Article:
American wildlife expert murdered in Kenya, no suspects

Esmond Bradley Martin was found dead in his home in Nairobi, Kenya's capital, on Feb 4, with a stab wound in his neck. PHOTO: FACEBOOK/SAVE THE ELEPHANTS

NAIROBI (NYTIMES) - He was a fixture in Kenya's wildlife scene, an eccentric American with a shock of white hair, known for meticulous work on the black market prices of ivory and rhinoceros horn.

Now he is the victim in a murder mystery.

The victim, Mr Esmond Bradley Martin, was found dead in his home in Nairobi, Kenya's capital, on Sunday (Feb 4), with a stab wound in his neck.

It is not clear if Mr Martin, who was in his mid-70s, was killed in connection to his strident views or his work.

No doubt he had made many enemies, writing report after report that exposed the depth of the ivory and rhino horn trade across the world that has killed tens of thousands of endangered animals.

His death sent shock waves through East Africa's wildlife circles.

Kenyan police officials said they had yet to identify any suspects. Their leading theory is that Mr Martin was killed in a robbery.

For decades, Mr Martin studied ivory and rhino markets, his passion hardly fading with age.

Mr Martin, who once served as a UN special envoy on rhino conservation, was considered a true expert on the ins and outs of the ivory and rhino horn trade, with deep contacts among traders, carvers, their families and other researchers.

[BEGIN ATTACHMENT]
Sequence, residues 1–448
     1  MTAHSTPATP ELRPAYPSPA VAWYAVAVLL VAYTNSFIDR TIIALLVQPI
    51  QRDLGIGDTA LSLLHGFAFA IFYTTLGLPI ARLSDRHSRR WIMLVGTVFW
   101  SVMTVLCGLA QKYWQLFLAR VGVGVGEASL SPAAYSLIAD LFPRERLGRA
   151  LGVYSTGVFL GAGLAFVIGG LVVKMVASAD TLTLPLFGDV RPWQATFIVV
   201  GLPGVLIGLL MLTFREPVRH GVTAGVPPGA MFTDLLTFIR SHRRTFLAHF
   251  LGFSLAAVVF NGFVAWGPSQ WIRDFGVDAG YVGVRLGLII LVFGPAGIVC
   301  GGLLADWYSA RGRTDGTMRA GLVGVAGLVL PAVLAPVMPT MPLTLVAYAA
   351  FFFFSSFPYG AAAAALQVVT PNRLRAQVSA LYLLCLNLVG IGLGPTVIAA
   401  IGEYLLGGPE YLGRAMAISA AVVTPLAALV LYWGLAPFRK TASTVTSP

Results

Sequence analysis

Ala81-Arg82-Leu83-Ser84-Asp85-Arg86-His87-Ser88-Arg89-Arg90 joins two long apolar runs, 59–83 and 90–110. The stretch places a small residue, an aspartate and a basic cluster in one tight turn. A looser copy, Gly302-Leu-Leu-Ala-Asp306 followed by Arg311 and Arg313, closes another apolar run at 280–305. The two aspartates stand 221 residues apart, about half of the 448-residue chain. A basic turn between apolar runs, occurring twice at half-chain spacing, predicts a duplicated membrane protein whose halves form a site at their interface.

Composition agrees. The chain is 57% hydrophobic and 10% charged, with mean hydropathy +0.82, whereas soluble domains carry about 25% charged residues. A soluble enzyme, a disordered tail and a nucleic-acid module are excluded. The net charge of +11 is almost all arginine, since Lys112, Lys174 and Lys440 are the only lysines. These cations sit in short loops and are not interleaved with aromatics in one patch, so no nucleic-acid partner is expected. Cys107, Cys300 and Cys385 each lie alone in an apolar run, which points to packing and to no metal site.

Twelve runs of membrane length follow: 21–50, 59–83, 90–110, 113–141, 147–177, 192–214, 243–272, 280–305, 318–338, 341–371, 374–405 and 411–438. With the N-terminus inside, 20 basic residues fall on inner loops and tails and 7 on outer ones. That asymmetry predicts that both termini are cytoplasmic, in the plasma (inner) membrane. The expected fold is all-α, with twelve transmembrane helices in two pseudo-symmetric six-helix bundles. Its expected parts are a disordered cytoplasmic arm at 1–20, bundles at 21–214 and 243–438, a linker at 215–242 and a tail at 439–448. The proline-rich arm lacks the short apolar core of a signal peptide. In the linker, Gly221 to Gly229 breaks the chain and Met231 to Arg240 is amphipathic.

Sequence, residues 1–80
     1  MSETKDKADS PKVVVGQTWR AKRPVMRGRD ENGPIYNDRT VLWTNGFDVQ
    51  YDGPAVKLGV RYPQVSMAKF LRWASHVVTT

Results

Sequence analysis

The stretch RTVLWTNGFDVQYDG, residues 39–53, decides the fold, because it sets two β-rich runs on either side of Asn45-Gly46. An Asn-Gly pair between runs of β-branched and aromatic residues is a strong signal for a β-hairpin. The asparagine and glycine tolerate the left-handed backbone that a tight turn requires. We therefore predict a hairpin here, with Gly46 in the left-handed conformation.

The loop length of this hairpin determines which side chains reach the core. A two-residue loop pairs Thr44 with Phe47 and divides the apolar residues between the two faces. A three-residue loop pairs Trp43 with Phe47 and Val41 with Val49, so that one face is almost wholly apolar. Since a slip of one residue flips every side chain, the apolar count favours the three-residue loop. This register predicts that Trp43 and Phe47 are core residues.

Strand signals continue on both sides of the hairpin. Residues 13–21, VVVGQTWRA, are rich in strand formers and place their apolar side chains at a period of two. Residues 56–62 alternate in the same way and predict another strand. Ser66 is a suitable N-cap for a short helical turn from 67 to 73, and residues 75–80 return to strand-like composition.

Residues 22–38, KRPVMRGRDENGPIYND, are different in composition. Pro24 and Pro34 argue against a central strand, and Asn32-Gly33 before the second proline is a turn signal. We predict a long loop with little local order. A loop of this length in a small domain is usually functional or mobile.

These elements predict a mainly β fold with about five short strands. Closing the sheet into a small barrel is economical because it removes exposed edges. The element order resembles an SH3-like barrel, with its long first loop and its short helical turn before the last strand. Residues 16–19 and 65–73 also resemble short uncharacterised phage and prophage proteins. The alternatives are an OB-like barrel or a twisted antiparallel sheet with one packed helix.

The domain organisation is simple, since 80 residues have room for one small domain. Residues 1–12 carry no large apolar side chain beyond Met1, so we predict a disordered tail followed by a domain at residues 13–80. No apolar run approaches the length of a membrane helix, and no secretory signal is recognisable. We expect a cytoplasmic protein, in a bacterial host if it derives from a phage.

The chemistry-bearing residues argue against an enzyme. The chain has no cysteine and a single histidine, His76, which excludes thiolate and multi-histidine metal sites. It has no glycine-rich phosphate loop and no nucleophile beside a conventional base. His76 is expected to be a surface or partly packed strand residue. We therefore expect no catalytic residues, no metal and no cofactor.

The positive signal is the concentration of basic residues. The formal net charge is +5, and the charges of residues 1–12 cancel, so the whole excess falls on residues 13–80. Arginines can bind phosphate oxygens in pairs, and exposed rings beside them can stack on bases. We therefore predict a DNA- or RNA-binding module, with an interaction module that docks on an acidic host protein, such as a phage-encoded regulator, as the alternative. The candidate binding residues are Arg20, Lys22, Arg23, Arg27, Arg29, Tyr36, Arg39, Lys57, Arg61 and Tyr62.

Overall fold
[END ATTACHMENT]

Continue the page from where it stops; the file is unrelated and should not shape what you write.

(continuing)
His work "would have exhausted a man half his age", said Mr Iain Douglas-Hamilton, an elephant researcher and friend of Mr Martin's for 45 years.

The Kenyan police said Mr Martin appeared to have been stabbed by an intruder.

But it was hard to fathom why any intruder would have perceived Mr Martin as a physical threat. He was built like a tall vase: thin and delicate, his skin almost translucent.

Friends said he had just returned from a stroll on Sunday afternoon. His wife, Chryssee, who wrote reports with him, was out at the time.

When she returned, she found Mr Martin slumped on the floor with a deep stab wound in his neck and the family's safe open and empty.

"He's totally harmless and I'm sure he didn't put up any resistance," said Mr Daniel Stiles, a wildlife researcher in Kenya who worked closely with Mr Martin. "His last minutes must have been really, really awful, and he didn't deserve to die like that.

"Esmond changed the way we did investigations of the wildlife trade," Mr Stiles said. "He brought that whole quantitative element that helped get the public's attention."

Join ST's Telegram channel and get the latest breaking news delivered to you.